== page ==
Detox: A Toxic Subject
After 20 years in the business, I know which reactions to expect from my clients when I suggest a lifestyle change. Take eating healthier, for example. The client usually nods and says his wife’s been getting on him for years about that. When I talk about exercising, the reaction is big exhale and a shake of the head. It seems to say, “Yea, I gotta do better.”
Then I suggest detoxing. The client perks up like a mouse sensing a trap. He doesn’t want to offend me. But he also doesn’t want to endure a month-long juice fast and colossal supplements that smell like compost.
I get it. Detoxing is a toxic subject.
Google “detox” and you’ll get sites featuring several self-proclaimed experts-all of them saying something different-and more than one riled critic. And there are unsafe detox programs. These unhealthy regimens threaten you with water toxicity or paltry calories.
Once you sift through misinformation, sort out the reasons for detoxing and uncover its scientific basis, you’ll find detoxing is a common sense solution to a problem of our technological age.
The problem is body burden, the term given to the environmental pollution we’re carrying around in our bodies. It’s real and it’s measurable.
And it’s not unexpected. There are currently about 80,000 man-made chemicals, 3,000 of which are common to our daily lives. The government approves approximately seven new chemicals each day under a law that hasn’t been updated in almost 30 years.
Many of these chemicals go into the conveniences of daily life. Our computers, televisions, flame-retardant pajamas, not to mention pesticides and sunscreen, contain substances that seep into our skin to take part in the siege that is the body burden.
The Centers for Disease Control tested participants for 75 chemicals. Acrylamide, found in fried foods and a probable carcinogen that also harms the thyroid, is “extremely common” in our bodies. Gasoline additives and second-hand smoke also hide out in our cells.
Not even living in a bubble would help. The Environmental Working Group (EWG) found 287 chemicals in umbilical cord blood from 10 newborns. An advocacy organization, the EWG spent $10,000 to test each sample of blood. The results found substances ranging from chemicals from pesticides to those emanating from incinerating garbage. Such chemicals are known to harm the central nervous system and cause birth defects or cancer.
Body Burden and Disease
Most diseases are caused by a mysterious blend of genetics and environment. Common sense tells us optimizing that environment improves our chances of staying healthy. Sadly, common sense isn’t always measurable and lacks the scientific weight many people crave.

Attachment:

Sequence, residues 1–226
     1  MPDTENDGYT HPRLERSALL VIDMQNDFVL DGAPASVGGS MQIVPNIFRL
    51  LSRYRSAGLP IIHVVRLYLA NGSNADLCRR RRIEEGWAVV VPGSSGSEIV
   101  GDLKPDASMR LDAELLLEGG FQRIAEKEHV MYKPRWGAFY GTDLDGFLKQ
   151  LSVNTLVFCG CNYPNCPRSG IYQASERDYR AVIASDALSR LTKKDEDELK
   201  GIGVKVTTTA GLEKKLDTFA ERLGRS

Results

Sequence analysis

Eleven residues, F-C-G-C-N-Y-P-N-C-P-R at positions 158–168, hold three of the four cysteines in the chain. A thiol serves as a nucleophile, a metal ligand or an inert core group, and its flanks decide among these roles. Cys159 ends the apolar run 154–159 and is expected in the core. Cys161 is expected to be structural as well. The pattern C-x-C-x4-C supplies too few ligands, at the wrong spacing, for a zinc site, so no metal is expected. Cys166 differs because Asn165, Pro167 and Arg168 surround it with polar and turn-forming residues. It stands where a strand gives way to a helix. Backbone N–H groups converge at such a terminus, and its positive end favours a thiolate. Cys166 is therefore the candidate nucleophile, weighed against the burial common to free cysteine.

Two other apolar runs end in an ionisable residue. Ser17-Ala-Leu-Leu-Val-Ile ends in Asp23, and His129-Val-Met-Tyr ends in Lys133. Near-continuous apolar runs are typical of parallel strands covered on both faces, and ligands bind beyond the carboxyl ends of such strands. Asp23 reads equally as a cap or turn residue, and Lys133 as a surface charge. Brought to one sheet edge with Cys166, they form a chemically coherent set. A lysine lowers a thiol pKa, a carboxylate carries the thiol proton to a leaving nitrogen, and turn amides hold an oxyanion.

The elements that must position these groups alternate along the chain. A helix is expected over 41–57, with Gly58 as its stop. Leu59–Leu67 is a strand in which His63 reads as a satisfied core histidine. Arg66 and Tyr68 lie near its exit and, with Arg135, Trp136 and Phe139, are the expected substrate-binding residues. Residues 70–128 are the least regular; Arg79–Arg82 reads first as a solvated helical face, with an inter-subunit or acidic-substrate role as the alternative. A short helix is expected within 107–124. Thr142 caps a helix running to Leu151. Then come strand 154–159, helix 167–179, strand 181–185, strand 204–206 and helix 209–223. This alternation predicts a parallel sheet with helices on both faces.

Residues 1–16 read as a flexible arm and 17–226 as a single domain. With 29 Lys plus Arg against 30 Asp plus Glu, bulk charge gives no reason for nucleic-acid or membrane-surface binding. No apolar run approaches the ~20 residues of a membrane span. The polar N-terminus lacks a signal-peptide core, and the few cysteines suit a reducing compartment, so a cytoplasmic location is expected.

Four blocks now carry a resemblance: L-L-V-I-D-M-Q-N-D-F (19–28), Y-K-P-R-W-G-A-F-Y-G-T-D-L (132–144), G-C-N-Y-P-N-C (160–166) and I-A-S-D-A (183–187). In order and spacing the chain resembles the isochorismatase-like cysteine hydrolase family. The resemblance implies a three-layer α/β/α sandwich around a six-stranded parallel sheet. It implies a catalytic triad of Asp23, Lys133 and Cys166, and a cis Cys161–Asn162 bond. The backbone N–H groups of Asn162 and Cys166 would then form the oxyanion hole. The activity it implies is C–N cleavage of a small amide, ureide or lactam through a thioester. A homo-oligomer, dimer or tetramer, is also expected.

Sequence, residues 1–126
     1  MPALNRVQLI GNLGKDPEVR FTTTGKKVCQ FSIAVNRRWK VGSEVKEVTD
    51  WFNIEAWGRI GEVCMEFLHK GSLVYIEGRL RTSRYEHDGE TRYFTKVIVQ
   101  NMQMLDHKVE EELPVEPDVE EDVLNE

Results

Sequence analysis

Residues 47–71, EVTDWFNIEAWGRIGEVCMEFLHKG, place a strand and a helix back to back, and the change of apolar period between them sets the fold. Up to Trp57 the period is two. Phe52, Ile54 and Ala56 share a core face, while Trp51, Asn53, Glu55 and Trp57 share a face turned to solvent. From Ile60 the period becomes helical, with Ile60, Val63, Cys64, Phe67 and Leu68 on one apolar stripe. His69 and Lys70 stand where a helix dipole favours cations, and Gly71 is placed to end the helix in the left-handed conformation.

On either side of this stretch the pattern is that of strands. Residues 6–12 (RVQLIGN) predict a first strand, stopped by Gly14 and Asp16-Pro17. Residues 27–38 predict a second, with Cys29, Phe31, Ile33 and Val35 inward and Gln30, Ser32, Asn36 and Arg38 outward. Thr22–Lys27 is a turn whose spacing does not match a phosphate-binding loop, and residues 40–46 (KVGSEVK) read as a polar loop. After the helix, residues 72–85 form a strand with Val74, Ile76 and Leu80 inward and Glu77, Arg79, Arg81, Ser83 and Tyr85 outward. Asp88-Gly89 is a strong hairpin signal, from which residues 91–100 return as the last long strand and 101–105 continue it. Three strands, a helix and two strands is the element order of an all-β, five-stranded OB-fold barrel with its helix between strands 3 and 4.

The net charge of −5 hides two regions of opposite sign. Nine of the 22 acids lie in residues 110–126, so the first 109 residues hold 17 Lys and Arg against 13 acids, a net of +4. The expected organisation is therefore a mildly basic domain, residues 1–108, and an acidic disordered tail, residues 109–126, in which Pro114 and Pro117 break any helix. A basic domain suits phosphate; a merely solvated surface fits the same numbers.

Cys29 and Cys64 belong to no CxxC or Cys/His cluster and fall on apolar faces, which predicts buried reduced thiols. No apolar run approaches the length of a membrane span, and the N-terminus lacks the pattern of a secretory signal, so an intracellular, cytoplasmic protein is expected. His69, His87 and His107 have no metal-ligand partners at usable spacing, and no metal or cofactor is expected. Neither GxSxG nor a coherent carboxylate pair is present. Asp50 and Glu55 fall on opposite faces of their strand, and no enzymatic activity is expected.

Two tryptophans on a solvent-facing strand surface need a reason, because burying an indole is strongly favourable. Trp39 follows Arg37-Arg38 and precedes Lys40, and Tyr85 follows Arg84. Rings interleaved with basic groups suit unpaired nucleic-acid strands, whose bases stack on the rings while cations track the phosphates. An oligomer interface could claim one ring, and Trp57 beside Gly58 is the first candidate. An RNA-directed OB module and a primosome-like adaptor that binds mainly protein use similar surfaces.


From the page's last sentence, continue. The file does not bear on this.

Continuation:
Still, examples of damaging health effects from our body burden abound. Chemicals such as lead and asbestos, once deemed by science to be safe, are now known to damage development and cause cancer.
Another disease, Alzheimer’s, is increasingly thought to be caused by aluminum. Japanese researchers examined studies and the latest knowledge about the inner workings of Alzheimer’s. They agree the evidence indicates a link between Alzheimer’s and aluminum.
Body Burden and Diet
Thinking about the environmental backlash raging in our bodies can feel as daunting as facing a scale when you’re a hundred pounds overweight.
Take a deep breathe. Both problems have the same solution: diet and exercise.
A study in the state of Washington found children who ate organic produce had significantly lower levels of pesticides in their urine than children who ate a traditional American diet. A study in Boston found vegetarians have lower levels of PBDEs than folks who ate non-organic poultry and meat. Wondering what PBDEs are? Flame retardants–in our food.
These studies prove simply avoiding exposure to dangerous chemicals can have a powerful effect. Other ways to avoid chemicals include using all-natural cosmetics and foregoing pesticide use in your home.
What about a toxin that’s already set up house in your cells? Turns out you can do something about those too. An English study found Alzheimer’s patients can lower their aluminum load by drinking silicon-containing mineral water.
Exercise and sweating it out in the sauna can also remove toxins from your body.
That’s the idea of detoxing: reducing your body burden through the use of lifestyle changes and diet. Sometimes the detox is helped along with natural products, much like mineral water flushing out aluminum.
But a good detox program uses natural ingredients known through studies and experience to aid the body’s excretory system. A good detox never relies on extreme calorie reduction, excessive water intake or other dangerous means.
Call the staff at Mind Body Motion today to learn more about how to reduce your body burden. We can help you set up a diet and exercise plan designed for total wellness that will minimize the effects of toxic chemicals. We’ll also help you learn more about detoxing and make an informed decision on the appropriate detoxing regimen for your lifestyle.
“Keep on moving”
Luis Ponce Sr.
( 408) 778-5577